Completing stages involves strategy as you figure out the right switches to hit, where and when to throw enemies, and overcome various hazards thrown your way. Fortunately, this version includes two different playstyles so gamers of all experience levels can enjoy the game. Firstly, there's the Classic mode where just like in the Game Boy Advance version levels are timed and one hit and you're out. Then there's Casual mode, offering a more relaxed experience with no timer, Mario is given five bubble health points and adds level checkpoints.

One big new addition to this remake is a pair of all-new worlds, the amusement park-themed Merry Mini-Land and the wintery wonderland Slippery Summit. Each of these worlds contains eight levels (just like the others), including six regular stages, a Mini-Mario level where you need to guide the toys into their toybox, and a new Donkey Kong boss battle. Both of these worlds have great puzzle stages that blend in seamlessly with the rest of the game—making them welcomed additions!

Once you beat Mario vs. Donkey Kong there's a ton of end-game content to keep you coming back. There are eight Plus Worlds to beat, which revisits the original eight worlds in the game but contains trickier versions of each level. The biggest new challenge is in each Plus world a Mini-Mario will follow you around, so not only need to complete the stage but do so while keeping your mini buddy alive.

There are also 16 expert levels to tackle, four more than what's found in the Game Boy Advance version. These ultra-tough levels are sure to push your puzzle-solving abilities to the limit. They often involve hitting switches in an elaborate sequence and with split-second timing. You'll also need to master all the gameplay mechanics and you'll need to employ advanced skills to solve the puzzles.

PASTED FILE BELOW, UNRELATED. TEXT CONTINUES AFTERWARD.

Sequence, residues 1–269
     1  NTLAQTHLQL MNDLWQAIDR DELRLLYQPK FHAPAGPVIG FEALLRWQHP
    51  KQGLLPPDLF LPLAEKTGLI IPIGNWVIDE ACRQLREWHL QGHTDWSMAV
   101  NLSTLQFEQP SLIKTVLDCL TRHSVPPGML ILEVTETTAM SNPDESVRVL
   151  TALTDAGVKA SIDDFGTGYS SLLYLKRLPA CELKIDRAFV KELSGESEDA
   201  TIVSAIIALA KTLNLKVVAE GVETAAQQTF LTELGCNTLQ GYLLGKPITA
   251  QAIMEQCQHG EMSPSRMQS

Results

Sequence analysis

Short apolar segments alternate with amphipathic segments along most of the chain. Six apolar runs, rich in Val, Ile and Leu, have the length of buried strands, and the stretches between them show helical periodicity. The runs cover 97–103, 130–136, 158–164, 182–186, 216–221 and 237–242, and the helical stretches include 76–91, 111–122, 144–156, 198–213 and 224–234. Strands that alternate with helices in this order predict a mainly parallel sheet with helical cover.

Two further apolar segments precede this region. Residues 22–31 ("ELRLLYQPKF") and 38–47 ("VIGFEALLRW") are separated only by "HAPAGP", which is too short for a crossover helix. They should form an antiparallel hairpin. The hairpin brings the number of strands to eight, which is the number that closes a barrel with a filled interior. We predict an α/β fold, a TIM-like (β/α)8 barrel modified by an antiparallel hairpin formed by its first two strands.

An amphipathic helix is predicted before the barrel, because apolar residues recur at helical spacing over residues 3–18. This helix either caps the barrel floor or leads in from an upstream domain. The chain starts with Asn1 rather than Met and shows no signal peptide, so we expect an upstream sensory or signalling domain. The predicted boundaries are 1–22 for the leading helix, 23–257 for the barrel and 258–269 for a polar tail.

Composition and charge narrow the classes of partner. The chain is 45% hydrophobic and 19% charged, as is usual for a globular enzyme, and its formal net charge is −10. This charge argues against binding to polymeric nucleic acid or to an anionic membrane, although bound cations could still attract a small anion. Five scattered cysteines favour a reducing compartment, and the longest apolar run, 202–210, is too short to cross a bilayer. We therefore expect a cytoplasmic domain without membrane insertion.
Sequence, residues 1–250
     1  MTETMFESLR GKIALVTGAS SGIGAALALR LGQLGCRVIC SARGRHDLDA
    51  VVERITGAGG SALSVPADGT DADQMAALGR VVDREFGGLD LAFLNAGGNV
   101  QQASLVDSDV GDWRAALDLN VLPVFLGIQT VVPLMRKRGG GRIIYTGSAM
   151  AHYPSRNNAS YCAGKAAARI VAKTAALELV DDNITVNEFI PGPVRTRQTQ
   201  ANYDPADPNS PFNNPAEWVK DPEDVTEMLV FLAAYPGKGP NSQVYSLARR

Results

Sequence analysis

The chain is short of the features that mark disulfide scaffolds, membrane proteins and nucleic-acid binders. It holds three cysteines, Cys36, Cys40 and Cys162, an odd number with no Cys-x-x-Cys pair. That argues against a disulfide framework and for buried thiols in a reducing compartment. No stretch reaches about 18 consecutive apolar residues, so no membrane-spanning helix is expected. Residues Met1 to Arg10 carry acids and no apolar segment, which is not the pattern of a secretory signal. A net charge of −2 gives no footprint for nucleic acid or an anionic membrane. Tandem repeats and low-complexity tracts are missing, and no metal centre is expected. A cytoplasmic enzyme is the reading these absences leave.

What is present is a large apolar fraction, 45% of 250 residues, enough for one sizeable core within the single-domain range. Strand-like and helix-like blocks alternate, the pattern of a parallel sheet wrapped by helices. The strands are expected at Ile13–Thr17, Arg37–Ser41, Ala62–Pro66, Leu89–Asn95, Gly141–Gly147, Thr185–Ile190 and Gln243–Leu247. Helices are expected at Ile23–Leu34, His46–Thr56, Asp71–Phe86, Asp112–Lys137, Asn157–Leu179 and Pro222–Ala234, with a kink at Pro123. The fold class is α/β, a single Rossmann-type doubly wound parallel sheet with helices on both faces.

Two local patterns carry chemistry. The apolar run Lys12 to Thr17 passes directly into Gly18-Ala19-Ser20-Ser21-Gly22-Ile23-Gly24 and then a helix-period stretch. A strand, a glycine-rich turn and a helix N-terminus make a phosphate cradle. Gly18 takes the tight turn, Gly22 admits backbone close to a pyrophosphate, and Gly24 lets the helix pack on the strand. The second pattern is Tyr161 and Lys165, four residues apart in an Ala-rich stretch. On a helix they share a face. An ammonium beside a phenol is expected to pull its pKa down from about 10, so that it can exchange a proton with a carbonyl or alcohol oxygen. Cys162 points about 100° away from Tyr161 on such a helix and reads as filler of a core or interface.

Time Attack mode unlocks after you beat the game as well. This fun mode challenges you to complete levels within a certain time limit, and better yet, your best times get saved so you can retry to be even faster the next time. You're timed across both areas of each level, so if you're fast in one-half of the level but slow in the other you might fail! Another new addition in this remake is the Gallery mode, where you can view the cutscenes, music and sound effects the game has.

The Verdict

Mario vs. Donkey Kong is an excellent remake that enhances everything from the visuals to adding new worlds to the inclusion of two-player co-op. The bite-sized levels are perfect for short play sessions and especially well-suited for kids. There's a ton of content on offer as well, including 64 regular levels, an equal number of Plus levels and 16 expert challenges. An overall fantastic package that'll keep you happily playing for a long time to come.

Final Score: 8.5/10 - Great

Mario vs. Donkey Kong details

Platform: Nintendo Switch
Developer: Nintendo
Publisher: Nintendo
Genre: Puzzle, Action
Modes: Single-player, Multiplayer
ESRB Rating: E (Everyone)

A key was provided by the publisher.